Thursday, November 1 2018
11:30am - 1:00pm
Technology Square Research Building, 1st Floor Ballroom, Atlanta, Ga
Free food
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GVU Center Brown Bag: Tony Fast, "Project Jupyter and the Rise of Literate Computing"

Abstract:

Project Jupyter is a growing ecosystem of free, open source scientific software for literate and interactive computing.  Jupyter's Notebook, and related experiences, are becoming standard interfaces for scientists and engineers in physical and social sciences.  The notebook interface is impacting the broader landscapes of research, computing, and teaching where communicating data and code are essential; the stakeholders span industry, academia, and philanthropy.  

This talk will review the history of Project Jupyter as scientific software born from the Scientific Python (SciPy) community.  Since its inception, the community has extended Jupyter to work with over 50 different languages and provided new options for interactive development, research and presentation, including JupyterLab, the next generation of the Notebook.  In the broader open source community we find Jupyter tools for grading, batch processing, app development, documentation, tests, and even source code.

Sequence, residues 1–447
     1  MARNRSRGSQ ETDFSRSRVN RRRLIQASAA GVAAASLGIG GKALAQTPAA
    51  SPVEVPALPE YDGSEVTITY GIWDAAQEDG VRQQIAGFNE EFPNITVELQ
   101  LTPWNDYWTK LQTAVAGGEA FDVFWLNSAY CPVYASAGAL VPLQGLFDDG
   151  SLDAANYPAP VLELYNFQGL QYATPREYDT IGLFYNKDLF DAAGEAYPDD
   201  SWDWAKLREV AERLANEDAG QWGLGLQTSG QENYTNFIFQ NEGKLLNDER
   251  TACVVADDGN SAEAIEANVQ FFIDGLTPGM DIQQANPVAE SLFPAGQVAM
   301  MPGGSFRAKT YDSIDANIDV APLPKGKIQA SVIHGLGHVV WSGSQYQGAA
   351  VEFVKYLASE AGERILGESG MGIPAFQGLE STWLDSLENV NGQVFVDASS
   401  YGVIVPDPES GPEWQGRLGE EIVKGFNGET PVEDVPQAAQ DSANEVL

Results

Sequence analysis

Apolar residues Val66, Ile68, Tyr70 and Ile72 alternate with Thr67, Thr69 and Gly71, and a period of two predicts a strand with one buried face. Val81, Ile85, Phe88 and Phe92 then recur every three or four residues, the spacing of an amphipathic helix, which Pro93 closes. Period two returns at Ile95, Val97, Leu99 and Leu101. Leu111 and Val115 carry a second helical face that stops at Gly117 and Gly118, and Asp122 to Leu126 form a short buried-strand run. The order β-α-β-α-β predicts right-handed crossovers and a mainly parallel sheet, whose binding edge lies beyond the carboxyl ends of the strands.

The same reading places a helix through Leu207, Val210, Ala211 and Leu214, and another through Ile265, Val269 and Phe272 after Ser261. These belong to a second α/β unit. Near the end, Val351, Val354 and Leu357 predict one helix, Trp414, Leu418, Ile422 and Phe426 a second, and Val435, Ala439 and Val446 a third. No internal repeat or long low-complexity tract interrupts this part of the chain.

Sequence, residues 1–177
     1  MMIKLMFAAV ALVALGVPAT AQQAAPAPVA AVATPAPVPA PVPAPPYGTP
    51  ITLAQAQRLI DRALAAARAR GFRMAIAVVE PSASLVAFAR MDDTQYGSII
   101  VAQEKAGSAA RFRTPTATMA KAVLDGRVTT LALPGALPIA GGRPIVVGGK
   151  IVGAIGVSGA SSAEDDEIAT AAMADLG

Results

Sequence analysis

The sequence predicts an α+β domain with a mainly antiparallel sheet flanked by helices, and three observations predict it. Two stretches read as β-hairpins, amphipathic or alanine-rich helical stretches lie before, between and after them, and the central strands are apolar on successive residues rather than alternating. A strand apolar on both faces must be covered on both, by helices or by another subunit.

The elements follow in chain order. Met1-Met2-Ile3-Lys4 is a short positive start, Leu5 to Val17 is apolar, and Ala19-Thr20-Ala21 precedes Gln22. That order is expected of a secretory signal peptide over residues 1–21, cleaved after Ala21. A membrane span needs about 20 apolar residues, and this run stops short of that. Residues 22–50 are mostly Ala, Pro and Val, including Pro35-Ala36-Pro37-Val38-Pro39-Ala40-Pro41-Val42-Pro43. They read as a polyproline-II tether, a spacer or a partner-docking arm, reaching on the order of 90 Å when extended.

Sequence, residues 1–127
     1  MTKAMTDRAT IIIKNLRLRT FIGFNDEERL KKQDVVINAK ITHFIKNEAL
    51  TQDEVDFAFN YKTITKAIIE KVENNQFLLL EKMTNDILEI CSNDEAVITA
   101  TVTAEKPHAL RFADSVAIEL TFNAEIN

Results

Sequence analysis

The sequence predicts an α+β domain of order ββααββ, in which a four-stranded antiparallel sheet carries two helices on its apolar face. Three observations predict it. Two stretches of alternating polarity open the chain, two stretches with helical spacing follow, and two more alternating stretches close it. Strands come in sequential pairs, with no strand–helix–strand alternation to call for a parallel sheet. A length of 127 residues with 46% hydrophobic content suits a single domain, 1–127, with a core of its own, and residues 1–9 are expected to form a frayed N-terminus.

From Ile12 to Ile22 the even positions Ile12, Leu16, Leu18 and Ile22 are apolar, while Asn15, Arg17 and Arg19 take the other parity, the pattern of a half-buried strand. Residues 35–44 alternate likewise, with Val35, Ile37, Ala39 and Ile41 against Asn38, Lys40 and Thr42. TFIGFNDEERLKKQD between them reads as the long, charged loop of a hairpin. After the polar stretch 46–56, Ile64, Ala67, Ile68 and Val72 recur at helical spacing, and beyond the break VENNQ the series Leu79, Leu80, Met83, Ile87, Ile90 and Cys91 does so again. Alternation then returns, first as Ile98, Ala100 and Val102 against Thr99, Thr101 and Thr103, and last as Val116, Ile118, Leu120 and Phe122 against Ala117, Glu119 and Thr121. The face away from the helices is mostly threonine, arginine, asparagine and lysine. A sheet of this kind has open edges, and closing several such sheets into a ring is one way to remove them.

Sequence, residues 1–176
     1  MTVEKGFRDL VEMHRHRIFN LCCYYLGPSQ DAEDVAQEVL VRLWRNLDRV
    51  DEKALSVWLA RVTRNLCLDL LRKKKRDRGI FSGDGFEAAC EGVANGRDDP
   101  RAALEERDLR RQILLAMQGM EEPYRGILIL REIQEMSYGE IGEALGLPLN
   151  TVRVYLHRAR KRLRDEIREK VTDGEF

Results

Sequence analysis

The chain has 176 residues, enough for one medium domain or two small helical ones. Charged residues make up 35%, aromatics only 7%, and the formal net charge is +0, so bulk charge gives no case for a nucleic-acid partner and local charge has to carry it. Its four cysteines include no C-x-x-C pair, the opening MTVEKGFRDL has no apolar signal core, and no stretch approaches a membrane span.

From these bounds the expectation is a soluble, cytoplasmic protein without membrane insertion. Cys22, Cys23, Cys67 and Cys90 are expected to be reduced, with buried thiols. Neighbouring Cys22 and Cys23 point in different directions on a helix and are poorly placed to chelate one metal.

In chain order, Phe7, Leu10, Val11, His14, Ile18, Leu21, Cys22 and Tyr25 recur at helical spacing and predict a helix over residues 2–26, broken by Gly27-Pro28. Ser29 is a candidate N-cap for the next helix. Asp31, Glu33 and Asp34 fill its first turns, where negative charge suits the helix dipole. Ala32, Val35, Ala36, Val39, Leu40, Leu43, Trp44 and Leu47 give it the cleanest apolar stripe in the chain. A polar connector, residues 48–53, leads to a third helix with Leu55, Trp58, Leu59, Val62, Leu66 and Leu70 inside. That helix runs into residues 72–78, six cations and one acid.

Notebook interfaces compose literate documents that provide the ability to share human and machine readable knowledge within organizations across diverse disciplines.  This talk will highlight recent case studies in Jupyter transforming classroom education, massive collaboration in physics, data-driven journalism, and the entire multimedia experience of learning.

Speaker Bio:

Tony Fast is a modern scientist with over a decade of experience analyzing unstructured data for cross functional teams in research, business, and security.  Currently, he works as an open source consultant assisting organizations in connecting their technology to the scientific Python community.  He holds a Ph.D. in Materials Science and Engineering from Drexel University and has B.S. in Ceramic Engineering from Rutgers University.  Tony’s research explores the intersection of applied engineering and computer science, trying to understand how open access and interactive computing will transform basic science for the next generation workforce. Tony is actively building diverse communities around open source scientific software technologies in Metro Atlanta.  Tony currently organizes the Atlanta Jupyter User Group and PyData Atlanta.

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